research
 Patents
 Books
 Literature
 Articles
 Timeline
 Auction Archive

about
 About this site
 Wanted to buy

bulb gallery

Incandescent:
C
carbon
WD
drawn tungsten
WC
coiled tungsten
WM
mini tungsten
WS
pressed tung.
FG
figural bulbs
XL
christmas
XS
christmas sets
T
tantalum

Discharge:
NE
neon lamps
AR
argon lamps
XE
xenon lamps
MA
mercury
MC
fluorescent
MS
special mercury

Hardware:
F
fuses
FX
fixtures
PF
plugs & fittings
SA
sockets
SW
switches

tube gallery

 X-ray
 Geissler
 Crookes
 Radio
 Box art

museum pics

 Dr. Hugh Hicks
 
Fort Myers, FL.
 S.Slabyhoudek

links

 Related links
 Submit a link

 

Author Topic: Attn: Tubemaster Generals...  (Read 10397 times)

Offline ALM

  • Sr. Member
  • ***
  • Posts: 78
Attn: Tubemaster Generals...
« on: May 26, 2001, 04:02:00 pm »
Came into possession of a large cache of bulbs.  If you would be so kind, take a look at the pics here...

TUBE ALBUM

I don't know jack-squat about any of these, but they look pretty neat, and some look pretty old, too!

Just click on the pics for a larger version and peruse... quite a variety.  Of particular interest to me were the group of RCA VICTOR Tubes.  They are all black and appear to be all metal, with numbers on them like "12SK7" "12SA7" and "12SQ7" among others.

Thanks!

Offline Dylan

  • Jr. Member
  • **
  • Posts: 17
Attn: Tubemaster Generals...
« Reply #1 on: May 26, 2001, 04:40:00 pm »
Those RCA tubes are metal. They were introduced in 1935 and were among the first tubes to use octal (8-pin) bases. These were part of the process of replacing the large "ST" tubes (bulb shaped somewhat like a bottle), with the smaller "GT" tubes (tubular glass bulb). However, the "ST" bulb was used on some larger tubes up into the 1950's, and is still used on big audio tubes like the 300B today!

------------------
---Dylan Windom
-Dylan Windom

Offline Dylan

  • Jr. Member
  • **
  • Posts: 17
Attn: Tubemaster Generals...
« Reply #2 on: May 26, 2001, 04:43:00 pm »
Wait!!! I messed up on my above post. Metal tubes were FIRST produced in 1935. Your tubes, however, are probably late 30's - early 40's.
-Dylan Windom

Offline ALM

  • Sr. Member
  • ***
  • Posts: 78
Attn: Tubemaster Generals...
« Reply #3 on: May 26, 2001, 05:36:00 pm »
I know that it's probably asking a lot, but if you had a chance to look at the pics, anything that is rare or otherwise unique?  Or, did I just get a big batch of vacuum tubes that or "ordinary?"

It may be tough, since I just took them out of the box and laid them all out in no real particular order.

Offline Dylan

  • Jr. Member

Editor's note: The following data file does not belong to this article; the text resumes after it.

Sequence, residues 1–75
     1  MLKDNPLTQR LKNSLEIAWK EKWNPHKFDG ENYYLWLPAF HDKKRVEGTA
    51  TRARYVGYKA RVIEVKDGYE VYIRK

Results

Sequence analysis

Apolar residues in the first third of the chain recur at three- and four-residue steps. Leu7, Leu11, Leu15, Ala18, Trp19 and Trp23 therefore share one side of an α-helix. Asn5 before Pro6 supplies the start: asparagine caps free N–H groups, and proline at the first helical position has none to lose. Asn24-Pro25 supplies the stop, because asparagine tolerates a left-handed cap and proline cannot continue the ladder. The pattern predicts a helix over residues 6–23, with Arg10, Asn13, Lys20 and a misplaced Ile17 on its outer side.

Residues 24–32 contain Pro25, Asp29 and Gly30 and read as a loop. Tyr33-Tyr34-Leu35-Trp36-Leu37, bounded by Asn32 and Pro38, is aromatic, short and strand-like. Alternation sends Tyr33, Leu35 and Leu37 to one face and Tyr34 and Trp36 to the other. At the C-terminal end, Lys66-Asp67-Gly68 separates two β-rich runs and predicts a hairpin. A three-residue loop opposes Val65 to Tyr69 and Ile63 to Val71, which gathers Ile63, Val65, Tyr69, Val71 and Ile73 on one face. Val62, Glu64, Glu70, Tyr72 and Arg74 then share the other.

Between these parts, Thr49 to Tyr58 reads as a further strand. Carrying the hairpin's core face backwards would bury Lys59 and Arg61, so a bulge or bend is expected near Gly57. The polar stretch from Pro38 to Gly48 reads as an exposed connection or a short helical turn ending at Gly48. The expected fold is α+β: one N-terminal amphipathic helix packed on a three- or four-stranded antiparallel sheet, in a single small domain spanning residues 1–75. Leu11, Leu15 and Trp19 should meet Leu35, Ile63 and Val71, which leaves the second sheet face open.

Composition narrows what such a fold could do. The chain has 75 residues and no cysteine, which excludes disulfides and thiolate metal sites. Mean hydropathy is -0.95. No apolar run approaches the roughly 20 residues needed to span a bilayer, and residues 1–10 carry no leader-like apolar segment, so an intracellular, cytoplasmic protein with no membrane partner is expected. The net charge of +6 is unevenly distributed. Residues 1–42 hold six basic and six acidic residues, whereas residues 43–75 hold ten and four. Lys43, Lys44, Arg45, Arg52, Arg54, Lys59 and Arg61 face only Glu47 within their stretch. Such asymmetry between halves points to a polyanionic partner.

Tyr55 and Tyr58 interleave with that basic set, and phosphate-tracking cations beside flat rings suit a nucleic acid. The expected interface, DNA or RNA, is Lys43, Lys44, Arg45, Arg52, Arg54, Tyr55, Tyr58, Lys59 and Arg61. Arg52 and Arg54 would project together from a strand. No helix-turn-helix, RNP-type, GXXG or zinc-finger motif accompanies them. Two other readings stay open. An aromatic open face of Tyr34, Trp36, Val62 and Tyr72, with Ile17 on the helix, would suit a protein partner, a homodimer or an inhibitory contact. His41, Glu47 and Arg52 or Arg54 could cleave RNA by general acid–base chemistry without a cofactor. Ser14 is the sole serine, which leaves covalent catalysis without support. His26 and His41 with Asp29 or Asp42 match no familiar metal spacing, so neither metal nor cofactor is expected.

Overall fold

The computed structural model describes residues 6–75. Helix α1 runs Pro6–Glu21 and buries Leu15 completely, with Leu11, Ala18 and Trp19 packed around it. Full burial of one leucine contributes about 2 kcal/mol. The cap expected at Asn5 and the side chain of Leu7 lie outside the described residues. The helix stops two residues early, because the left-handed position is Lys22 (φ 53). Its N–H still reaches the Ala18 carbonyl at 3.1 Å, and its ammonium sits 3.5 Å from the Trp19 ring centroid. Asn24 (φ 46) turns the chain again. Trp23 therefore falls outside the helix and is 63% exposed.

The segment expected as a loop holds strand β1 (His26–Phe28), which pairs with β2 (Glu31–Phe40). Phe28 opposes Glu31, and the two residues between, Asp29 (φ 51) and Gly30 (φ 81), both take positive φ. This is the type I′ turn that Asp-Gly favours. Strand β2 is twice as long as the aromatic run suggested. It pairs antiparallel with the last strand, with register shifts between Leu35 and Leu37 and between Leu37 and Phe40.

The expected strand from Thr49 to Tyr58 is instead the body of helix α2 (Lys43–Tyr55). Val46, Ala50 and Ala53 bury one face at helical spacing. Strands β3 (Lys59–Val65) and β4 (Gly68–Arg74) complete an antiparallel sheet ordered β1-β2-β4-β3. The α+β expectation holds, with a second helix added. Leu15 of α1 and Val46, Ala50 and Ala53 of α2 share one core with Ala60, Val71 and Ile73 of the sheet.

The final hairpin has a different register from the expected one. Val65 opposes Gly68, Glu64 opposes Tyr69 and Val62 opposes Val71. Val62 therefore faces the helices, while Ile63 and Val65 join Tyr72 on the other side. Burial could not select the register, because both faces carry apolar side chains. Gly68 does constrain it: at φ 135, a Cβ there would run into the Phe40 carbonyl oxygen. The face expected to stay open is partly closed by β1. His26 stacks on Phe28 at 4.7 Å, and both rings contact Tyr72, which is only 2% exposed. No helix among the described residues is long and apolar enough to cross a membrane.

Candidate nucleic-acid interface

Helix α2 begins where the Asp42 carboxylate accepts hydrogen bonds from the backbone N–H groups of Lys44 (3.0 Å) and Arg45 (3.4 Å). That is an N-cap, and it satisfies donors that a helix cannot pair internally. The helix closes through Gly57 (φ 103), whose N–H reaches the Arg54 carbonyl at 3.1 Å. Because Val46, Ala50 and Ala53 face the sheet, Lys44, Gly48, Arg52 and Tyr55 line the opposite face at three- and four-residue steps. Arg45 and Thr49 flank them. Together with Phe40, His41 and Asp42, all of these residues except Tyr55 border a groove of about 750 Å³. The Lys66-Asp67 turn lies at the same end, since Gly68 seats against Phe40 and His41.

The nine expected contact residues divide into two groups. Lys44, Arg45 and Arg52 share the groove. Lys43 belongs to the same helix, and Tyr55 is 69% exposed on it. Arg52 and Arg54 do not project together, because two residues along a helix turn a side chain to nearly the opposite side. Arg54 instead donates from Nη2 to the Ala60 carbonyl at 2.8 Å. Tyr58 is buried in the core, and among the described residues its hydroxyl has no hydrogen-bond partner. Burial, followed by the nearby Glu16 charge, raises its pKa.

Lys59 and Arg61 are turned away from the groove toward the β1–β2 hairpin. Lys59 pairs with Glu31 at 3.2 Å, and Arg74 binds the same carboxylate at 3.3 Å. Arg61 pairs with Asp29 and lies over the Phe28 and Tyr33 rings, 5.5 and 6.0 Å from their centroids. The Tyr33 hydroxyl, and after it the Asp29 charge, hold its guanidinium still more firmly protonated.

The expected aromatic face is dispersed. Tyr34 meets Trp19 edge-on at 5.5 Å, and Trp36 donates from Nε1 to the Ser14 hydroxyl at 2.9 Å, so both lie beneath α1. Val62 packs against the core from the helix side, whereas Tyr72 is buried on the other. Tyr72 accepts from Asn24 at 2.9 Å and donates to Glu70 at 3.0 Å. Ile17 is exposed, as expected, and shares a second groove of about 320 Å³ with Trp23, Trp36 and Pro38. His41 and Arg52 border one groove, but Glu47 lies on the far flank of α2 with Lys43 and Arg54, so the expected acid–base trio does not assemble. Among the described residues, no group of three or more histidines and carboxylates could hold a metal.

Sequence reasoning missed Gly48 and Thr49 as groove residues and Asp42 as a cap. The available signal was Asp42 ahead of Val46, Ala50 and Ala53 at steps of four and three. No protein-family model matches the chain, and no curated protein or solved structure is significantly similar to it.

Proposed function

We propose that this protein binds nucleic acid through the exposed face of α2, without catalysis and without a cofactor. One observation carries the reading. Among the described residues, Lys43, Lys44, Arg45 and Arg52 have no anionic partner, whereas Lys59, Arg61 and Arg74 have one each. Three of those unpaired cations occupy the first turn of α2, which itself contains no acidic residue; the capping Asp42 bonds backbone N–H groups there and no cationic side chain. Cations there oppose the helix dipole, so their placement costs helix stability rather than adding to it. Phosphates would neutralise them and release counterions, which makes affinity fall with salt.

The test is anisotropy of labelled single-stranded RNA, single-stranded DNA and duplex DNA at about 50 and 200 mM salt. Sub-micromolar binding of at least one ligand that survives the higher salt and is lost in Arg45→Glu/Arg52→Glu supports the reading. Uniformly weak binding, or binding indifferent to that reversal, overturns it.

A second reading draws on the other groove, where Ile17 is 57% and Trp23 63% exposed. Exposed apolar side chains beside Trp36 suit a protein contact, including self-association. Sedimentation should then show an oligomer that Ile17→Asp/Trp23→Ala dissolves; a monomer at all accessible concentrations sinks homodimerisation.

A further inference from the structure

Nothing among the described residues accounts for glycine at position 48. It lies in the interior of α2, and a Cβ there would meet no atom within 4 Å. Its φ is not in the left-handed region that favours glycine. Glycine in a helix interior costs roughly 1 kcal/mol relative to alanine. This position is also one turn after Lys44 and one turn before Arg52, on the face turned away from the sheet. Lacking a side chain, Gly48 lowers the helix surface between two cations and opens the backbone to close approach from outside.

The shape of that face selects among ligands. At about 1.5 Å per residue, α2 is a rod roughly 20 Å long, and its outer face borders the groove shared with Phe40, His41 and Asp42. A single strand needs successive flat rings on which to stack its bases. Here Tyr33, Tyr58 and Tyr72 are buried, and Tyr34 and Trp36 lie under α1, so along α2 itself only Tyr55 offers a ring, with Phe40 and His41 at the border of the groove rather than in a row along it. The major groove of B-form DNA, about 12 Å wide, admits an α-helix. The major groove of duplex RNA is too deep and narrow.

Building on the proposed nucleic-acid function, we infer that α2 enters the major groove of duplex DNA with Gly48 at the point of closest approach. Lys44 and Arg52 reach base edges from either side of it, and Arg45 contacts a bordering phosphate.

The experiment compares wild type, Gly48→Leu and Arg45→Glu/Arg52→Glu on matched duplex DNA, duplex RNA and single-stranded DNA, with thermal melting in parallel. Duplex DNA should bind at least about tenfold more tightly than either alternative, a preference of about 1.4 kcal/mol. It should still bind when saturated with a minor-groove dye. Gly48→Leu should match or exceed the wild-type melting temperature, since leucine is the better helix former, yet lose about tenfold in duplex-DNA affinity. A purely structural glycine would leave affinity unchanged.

• **
  • Posts: 17
Attn: Tubemaster Generals...
« Reply #4 on: May 26, 2001, 11:02:00 pm »
From the pictures, it doesn't look like you have anything rare, but I may be wrong. It's kind of hard to tell without the numbers. If you're looking to get money for your tubes, you can probably sell them on ebay. Aside from this, I can't tell much about them.

------------------
---Dylan Windom
-Dylan Windom

Offline ALM

  • Sr. Member
  • ***
  • Posts: 78
Attn: Tubemaster Generals...
« Reply #5 on: May 27, 2001, 12:30:00 am »
Thanks Dylan!  You never can tell if you've come across anything that might prove to be a treasure.  With the unusual glass-shapes and the "innards" of some of these, perhaps so!

I appreciate the insight.

Offline ALM

  • Sr. Member
  • ***
  • Posts: 78
Attn: Tubemaster Generals...
« Reply #6 on: June 15, 2001, 11:53:00 am »
How does one go about testing the viability of tubes?

Offline Bob Masters

  • Hero Member
  • ****
  • Posts: 151
Attn: Tubemaster Generals...
« Reply #7 on: June 15, 2001, 12:42:00 pm »
Hey Tony !
I don't know how to check tubes with a multimeter, but something you might keep in-mind: Years ago, portable "Tube testers" about suitcase sized were available and a friend of mine bought two of them at auction for $5 each. I know they cost more now, but you might keep your eyes peeled if this is something you might be interested in dealing in for future ventures.

My friends tube testers still work today and check an enormous variety of tubes.

Otherwise I would venture to say that different tubes involve the testing of different combinations of the pins, and for a variety of values since tubes can have a variety of purposes.

Remember the old tube testing stations that many drug stores and hardware stores had ?
Where did they all go ?............

-Bob-